When We All Do A Little, No One Will Never Need To Do A Lot
It was 00:00:20 seconds to play in regulation. The home team was down by two, but they were in possession of the ball. They had called their last time out and now the entire team listened intently as the head coach relayed what would more than likely be the last play of the game.
As it was with the said coach, the starting five players on the team lived for moments like this. Where the average person would be nervous and unsure, they were fearless and had one hundred percent confidence in their abilities. One such player was James “Sure Shot” Johnson, who was by far the best player on the team. James was the starting point guard, which was a position he earned because of a commitment to excellence. At six foot six and weighing in at two hundred and fifty pounds of pure muscle, he was hard to handle. Tack on lightning speed, uncanny court vision, and a seemingly unlimited shooting range and guarding him became virtually impossible. At times like this, opposing coaches expected the ball would more than likely end up in his hands.
“Alright, fellows. Are we all clear on what needs to happen?” The coach said, his eyes darted from player to player.
“Yes, Sir!” the players said in unison.
“Alrighty then. Let’s go win a ball game.”
The players ran out onto the court, where they took up their positions. The crowd was going wild. They had most definitely gotten their money’s worth tonight. James had been assigned to inbound the ball, a move that left the opposing coach baffled, as well as a bit nervous. One of the three referees blew his whistle, and the action began. James was being defended by the opposing team’s point guard at first, and then the coach attempted to make a switch with his center. This is when the veteran point guard made his move. He threw the ball into the shooting guard and hurried past the center. The shooting guard bounce the ball back to James. Seconds later, two defenders were headed in his direction. As he saw them, he also saw the positions of each one of his teammates. The scene played out just as their coach predicted it would. He could have easily taken the last shot, but it wasn’t what they agreed upon. Seconds before the two defenders were about to smother him with pesky defense, James threw a beautiful bounce pass to the small forward in the right corner of the court. One of the two defenders heading towards James was supposed to be guarding the man who was now in possession of the ball. The second the man in question received the ball was the moment he let it fly from three-point land. Everyone in the arena was as quiet as a house full of five at 3 a.m. and all eyes were on the ball in flight. The ball entered the netted rim at the exact time the buzzer sounded to end the game. The winning team, as well as everyone who was riding with them, was acting as if they had all won a hefty share of a trillion-dollar lottery.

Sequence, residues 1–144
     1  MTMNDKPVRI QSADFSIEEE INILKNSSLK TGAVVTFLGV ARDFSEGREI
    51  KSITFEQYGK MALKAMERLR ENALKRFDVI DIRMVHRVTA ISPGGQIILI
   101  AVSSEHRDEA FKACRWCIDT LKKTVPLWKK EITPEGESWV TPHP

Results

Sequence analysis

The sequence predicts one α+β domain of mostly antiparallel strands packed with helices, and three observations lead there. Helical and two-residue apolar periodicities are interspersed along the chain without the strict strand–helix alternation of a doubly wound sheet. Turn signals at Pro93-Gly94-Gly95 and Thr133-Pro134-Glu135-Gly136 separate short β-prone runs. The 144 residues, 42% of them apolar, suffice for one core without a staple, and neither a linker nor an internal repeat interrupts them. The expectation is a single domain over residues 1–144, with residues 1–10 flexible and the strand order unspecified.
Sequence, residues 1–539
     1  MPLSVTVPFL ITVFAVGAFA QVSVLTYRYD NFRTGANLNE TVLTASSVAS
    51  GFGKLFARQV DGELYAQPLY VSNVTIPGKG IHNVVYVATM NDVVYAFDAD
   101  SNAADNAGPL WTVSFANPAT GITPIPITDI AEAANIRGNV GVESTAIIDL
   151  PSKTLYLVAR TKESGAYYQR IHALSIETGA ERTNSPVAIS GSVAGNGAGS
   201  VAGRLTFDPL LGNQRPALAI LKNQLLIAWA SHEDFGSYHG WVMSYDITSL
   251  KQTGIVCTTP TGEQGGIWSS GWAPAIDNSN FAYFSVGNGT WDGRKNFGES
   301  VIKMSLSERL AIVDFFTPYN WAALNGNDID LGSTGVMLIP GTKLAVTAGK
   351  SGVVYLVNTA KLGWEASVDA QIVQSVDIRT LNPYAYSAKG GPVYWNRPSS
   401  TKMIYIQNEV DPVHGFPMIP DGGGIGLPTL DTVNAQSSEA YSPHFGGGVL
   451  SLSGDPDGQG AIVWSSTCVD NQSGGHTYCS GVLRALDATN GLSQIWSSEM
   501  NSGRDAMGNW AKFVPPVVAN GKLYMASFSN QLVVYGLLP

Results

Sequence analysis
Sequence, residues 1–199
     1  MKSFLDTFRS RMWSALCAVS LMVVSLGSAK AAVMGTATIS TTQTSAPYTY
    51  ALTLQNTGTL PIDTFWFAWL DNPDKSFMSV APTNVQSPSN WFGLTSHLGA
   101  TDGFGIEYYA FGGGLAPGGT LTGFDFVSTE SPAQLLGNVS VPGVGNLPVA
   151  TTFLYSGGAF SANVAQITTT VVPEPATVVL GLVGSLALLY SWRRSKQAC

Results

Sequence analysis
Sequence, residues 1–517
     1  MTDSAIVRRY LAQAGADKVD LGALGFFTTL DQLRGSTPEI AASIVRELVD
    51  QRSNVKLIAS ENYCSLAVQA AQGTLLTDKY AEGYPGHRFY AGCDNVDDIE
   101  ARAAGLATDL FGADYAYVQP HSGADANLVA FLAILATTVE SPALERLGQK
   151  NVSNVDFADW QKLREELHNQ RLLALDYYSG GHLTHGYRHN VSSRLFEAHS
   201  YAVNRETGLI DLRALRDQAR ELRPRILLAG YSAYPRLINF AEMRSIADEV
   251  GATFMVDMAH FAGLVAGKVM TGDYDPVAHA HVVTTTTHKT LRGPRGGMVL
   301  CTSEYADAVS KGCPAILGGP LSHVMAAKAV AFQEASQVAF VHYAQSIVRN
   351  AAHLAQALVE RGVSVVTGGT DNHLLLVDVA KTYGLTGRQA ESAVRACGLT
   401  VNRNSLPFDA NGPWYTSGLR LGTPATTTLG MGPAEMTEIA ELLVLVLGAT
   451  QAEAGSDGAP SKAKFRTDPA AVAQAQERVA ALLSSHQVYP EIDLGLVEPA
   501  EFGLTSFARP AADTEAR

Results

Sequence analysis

Some would say it was the small forward’s shot that won them the game. Some would say it was James’s precise bounce pass that claimed the victory. And some would say the accomplishment resulted from a coach, who knows what he knows. Though all three factors played a part in the conclusion, there are many more realities to consider as well.
In the first quarter, James had a remarkable six steals, which were all converted into points. In the second quarter, the center had four key blocks, which also resulted in points for their team. In the third quarter, the coach called two critical time outs, both of which stopped the opposing team’s sudden burst of energy. Early in the fourth quarter and down ten points, James was given the green light to do what he did best, which was scoring and creating scoring opportunities for his teammates. At this moment, he ensued each one of his teammates not only touched the ball but could score as well. He knew for them to win, it would have to be a team effort. He was establishing unwavering confidence in them by showing he trusted them to get the job done at a crucial time.
In closing. We all have a part to play in this life we live. We learn our said part by living our lives on our own terms. We can’t be concerned with what others are doing or not doing. All we can hope is they’ll do what’s expected of them, and to the best of their ability, when the time comes. Perfect practice makes perfect. The more we do a thing, the better we become at doing the said thing. Never become satisfied. Satisfaction brings about stagnation, and stagnation is likened to death. Always make your last accomplishment inspiration and motivation for your next.
“Proper Preparation Prevents Poor Performance.”-James Baker
“When we’re properly prepared it prevents us from performing poorly.”-Henery X (long)